Institute of Modern Languages Research

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Edited by Roy Wisbey
February 1, 1992
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Edited by Adrian Stevens and Fred Wagner
December 1, 1991
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Peter Felix Ganz and W. Schroder
December 1, 1968
Heinz Wolff
September 1, 2013
Felicia Gordon
November 14, 2014
Constance Pascal’s career in French psychiatry from 1908 to 1937 exemplifies the opportunities open to women in the French Third Republic as well as the prejudices they encountered. As the first woman psychiatrist in France, Pascal, of Romanian origin, attained professional success at the cost of suppressing her personal life. Best known for her work on dementia praecox, she founded one of the first schools in France for children with severe learning difficulties, and made remarkable contributions in the reform of asylum practices and, influenced by Freudian psychoanalysis, in psychotherapeutic intervention. Her feminism is demonstrated by her distinguished, often contentious, career in a hitherto all male profession and by her support for...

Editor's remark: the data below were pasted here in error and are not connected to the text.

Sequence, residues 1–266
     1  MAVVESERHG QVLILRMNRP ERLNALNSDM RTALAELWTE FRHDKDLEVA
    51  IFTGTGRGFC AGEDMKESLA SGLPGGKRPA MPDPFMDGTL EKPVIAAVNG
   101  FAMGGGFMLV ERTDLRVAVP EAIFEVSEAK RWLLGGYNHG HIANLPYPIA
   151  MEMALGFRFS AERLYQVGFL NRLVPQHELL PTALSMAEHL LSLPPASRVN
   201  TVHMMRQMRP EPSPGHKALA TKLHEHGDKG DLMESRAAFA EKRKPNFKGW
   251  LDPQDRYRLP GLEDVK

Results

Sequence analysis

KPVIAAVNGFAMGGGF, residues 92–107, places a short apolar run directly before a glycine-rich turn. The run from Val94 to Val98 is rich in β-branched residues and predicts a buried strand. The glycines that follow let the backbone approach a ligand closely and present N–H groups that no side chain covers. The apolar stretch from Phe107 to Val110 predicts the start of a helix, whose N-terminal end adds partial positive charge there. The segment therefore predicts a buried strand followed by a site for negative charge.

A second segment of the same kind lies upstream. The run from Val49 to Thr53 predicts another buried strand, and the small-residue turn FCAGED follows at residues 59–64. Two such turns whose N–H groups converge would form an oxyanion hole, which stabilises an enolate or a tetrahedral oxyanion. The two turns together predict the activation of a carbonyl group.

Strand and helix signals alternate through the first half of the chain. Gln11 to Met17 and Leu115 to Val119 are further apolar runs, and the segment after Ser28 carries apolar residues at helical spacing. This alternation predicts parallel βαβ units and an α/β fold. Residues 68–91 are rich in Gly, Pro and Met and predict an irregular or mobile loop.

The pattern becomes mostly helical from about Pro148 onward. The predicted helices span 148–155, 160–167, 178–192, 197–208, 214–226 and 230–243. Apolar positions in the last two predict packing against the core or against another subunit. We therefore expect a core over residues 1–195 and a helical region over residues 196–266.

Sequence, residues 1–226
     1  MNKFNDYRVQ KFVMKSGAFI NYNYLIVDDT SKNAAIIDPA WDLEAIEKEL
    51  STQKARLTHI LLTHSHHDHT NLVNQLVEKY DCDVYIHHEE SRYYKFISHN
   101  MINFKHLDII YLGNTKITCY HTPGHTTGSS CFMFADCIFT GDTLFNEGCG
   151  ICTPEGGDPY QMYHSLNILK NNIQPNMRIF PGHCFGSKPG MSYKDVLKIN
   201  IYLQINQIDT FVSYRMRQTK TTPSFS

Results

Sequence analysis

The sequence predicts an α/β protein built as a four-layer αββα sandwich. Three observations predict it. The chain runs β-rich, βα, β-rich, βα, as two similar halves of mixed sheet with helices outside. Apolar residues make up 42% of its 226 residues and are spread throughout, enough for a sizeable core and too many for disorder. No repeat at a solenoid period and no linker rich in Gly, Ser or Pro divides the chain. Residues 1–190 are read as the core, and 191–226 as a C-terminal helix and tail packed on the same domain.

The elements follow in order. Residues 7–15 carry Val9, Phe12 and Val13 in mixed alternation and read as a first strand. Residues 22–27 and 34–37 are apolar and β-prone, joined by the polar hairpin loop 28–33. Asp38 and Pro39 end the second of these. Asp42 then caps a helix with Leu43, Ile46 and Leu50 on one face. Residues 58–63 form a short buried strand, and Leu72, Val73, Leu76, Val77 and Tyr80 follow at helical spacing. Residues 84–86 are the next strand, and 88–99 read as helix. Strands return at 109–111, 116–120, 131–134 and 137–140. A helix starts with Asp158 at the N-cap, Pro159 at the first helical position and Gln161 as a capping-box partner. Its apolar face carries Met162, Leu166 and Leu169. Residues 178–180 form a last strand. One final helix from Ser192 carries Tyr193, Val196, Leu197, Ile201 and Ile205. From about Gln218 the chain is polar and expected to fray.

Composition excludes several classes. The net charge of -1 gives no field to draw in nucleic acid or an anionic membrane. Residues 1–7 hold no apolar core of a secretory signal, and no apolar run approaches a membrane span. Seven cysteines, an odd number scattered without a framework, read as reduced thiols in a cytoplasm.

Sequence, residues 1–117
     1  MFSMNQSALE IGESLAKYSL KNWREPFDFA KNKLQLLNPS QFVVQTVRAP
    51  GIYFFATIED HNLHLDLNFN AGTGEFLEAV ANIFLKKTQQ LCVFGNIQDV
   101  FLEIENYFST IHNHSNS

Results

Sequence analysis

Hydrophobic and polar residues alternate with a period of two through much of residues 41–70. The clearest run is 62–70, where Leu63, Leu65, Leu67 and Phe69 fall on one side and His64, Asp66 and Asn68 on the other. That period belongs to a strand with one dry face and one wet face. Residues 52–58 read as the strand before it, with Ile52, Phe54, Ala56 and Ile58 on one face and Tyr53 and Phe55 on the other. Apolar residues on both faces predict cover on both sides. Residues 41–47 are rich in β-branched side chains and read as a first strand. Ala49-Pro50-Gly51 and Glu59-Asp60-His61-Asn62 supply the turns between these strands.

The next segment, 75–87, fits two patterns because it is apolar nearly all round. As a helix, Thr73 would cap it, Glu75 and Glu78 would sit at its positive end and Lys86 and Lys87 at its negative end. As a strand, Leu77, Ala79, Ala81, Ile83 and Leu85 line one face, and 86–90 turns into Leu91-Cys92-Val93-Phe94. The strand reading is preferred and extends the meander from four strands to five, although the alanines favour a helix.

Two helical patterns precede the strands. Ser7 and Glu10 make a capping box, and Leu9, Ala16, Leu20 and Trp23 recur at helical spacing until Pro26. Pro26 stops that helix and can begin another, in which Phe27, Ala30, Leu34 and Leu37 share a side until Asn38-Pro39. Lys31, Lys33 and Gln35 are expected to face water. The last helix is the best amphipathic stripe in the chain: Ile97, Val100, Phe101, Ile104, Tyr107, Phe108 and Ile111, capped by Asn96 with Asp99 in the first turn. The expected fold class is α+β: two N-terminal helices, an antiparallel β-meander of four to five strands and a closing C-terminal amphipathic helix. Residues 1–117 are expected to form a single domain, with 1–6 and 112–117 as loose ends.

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Edited by W.D. Robson-Scott
December 1, 1973
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Edited by Jurgen Barkhoff and Eda Sagarra
April 1, 1992
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Edited by Rudiger Gorner
December 1, 2003
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Edited by Andrea Hammel and Godela Weiss-Sussex
June 11, 2009